Rumour has it that Martin Scorsese is considering making a film based on the novel, or at least that John Logan, scriptwriter for The Aviator, is writing a screenplay.

How workingmen spend their spare time

How many people writing on early film know about this? Using a bit of lateral searching on the Internet Archive, I found How workingmen spend their time, a doctoral thesis by one George Esdras Bevans, submitted at Columbia University in 1913. I’ve not come across it before, and it seems few film histories refer to it, yet it is a marvellous source of information on cinema-going, audience leisure tastes, and the relationship of earnings and work-time to leisure, with a wide range of evidence demonstrating the prime position of cinema in the public mind just before the First World War.

Here’s the author’s description of his methodology:

This investigation has been undertaken in order to determine how workingmen spend their leisure hours. On the suggestion of Dr. Franklin H. Giddings, Professor of Sociology, Columbia University, the questionnaire method was adopted and a time schedule prepared. The investigation was begun in February, 1912.

More than 4,000 schedules were distributed among workingmen thru the agency of Labor Unions, Clubs and Churches; but altho much interest in the study was manifested, only 113 properly filled out schedules were returned, and these were considered too
few in number to serve as a basis for any general conclusions.

In the Fall of 1912 the Bureau of Social Service of the Home Mission Board of the Presbyterian Church became interested in the study and agreed to engage investigators to interview workingmen in order to secure a sufficient number willing to answer the questions. This investigation began on November 1st, 1912, and was completed on February 3rd, 1913.

Schedules to the number of 868 were returned by the paid investigators. In addition 31 schedules were obtained as the result of a Workingmen’s Mass Meeting held November 12th, 1912, at the Labor Temple, 14th Street and 2nd Avenue, New York City. By February 3rd, 1913, 1,012 schedules had been secured from New York City, 10 from Rochester, N.Y., and 5 from Utica, N.Y. After the tabulation had been partly completed 43 schedules were received from other cities and were used in the closing part of the study relating to Expenditure of Money. Altogether, 1,070 schedules were returned, and these serve as a basis for the present study.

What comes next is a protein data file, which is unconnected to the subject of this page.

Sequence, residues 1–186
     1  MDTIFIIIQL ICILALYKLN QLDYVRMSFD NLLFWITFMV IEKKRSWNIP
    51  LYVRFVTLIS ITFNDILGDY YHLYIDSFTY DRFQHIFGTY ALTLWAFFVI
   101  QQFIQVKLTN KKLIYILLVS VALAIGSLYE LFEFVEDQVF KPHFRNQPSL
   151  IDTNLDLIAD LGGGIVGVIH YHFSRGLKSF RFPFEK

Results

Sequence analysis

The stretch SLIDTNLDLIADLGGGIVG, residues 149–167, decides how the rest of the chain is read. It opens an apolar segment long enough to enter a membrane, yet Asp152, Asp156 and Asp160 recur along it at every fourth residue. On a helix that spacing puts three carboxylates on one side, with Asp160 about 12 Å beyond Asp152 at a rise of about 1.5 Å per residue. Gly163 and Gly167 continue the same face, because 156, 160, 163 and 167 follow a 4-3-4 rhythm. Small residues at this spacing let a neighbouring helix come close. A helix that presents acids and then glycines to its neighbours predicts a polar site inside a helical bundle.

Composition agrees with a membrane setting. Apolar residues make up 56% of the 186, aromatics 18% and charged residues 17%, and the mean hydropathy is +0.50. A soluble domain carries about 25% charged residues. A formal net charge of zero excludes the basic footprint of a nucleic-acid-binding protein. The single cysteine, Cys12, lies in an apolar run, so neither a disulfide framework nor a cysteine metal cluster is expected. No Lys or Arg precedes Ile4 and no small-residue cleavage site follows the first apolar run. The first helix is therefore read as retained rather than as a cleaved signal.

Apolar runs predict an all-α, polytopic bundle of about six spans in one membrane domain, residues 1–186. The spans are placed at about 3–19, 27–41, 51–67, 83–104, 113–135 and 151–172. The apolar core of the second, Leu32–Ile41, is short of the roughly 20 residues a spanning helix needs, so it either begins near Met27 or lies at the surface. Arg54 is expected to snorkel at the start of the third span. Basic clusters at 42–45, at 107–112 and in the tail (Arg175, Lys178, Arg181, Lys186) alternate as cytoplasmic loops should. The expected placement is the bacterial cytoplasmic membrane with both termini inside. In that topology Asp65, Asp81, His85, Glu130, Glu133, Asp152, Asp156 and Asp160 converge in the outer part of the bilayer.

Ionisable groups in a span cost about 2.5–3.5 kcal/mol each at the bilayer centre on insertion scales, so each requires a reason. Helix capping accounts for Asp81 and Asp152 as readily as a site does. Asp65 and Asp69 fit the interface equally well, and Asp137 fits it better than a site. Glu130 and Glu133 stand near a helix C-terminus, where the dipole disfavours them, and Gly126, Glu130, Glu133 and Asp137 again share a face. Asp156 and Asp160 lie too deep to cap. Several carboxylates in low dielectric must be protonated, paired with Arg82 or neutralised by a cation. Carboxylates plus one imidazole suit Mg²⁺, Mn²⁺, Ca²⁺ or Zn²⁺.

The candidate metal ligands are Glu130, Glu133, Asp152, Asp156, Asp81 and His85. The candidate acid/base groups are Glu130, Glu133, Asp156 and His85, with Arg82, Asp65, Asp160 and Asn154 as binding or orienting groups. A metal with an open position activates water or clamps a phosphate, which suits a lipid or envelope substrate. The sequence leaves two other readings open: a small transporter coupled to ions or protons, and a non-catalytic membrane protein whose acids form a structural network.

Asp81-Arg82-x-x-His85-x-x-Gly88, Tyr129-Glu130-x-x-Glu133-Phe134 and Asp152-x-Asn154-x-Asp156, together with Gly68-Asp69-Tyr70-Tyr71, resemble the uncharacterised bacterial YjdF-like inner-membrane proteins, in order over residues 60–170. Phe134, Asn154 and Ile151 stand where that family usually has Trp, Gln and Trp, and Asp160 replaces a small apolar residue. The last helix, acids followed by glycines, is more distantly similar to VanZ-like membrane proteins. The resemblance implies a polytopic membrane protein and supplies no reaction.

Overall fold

Bevans then goes into great detail, describing the processes he took, the particular statistical method employed, and the resistance that he sometimes received (questions were asked, “Who is back of the study?” “What capitalistic scheme is this?” “Why not investigate the employers and see how they spend their spare time?”). He also provides the questions asked and the forms supplied. The main body of the text is tables with accompanying analysis, under such headings as ‘The Relation of Occupation to the use of Spare Time’, ‘The Relation of Wage to the Use of Spare Time’, and ‘What Men Usually Do on Certain Hours and During Certain Hours’.

As an example, here’s is one of the the tables accompanying the heading ‘The Relation of Hours of Labor to the Use of Spare Time’:

Table one

This isn’t the place to go into a detailed analysis of the data, but essentially one finds that whatever the working man’s circumstances, his hours of work or his earnings, the motion picture was the favoured way of spending one’s spare time. This might be expected, but it is invaluable to see the assumption tested against other leisure options, the availability of free time, and the means to pay for it. Here’s a table on the relationship of age to spare time:

Table two

OK, not everyone interested in silent cinema is going to be that engrossed by statistics, but the sociology of early cinema is still a grievously neglected subject, and if we don’t relate the films to th people who saw them, its hard to say what we are doing investigating early films at all.

There were other such early sociological studies. The most notable is Emilie Altenoh’s study of film audiences in Mannheim, Germany over 1912/13, published as Zur Soziologie des Kino: Die Kino-Unternehmung und die Sozialen Schichten Ihrer Besucher (1914), part translated as A Sociology of the Cinema in Screen, vol. 42 no. 3, Autumn 2001. I hear tale that a full translation into English is underway. Another is M.M. Davis’ The Exploitation of Pleasure: A Study of Commercial Recreation in New York City (1911). There is always something a little unsettling about people being studied anatomically in this way – and generally working-class people. What seemed irrational or in need of explanation (and then control) by elites, seemed wholly rational to those enjoying the experience. But we still have to be glad that such studies were done. As Bevans’ data amply proves, watching movies was, quite simply, a good way of spending your time.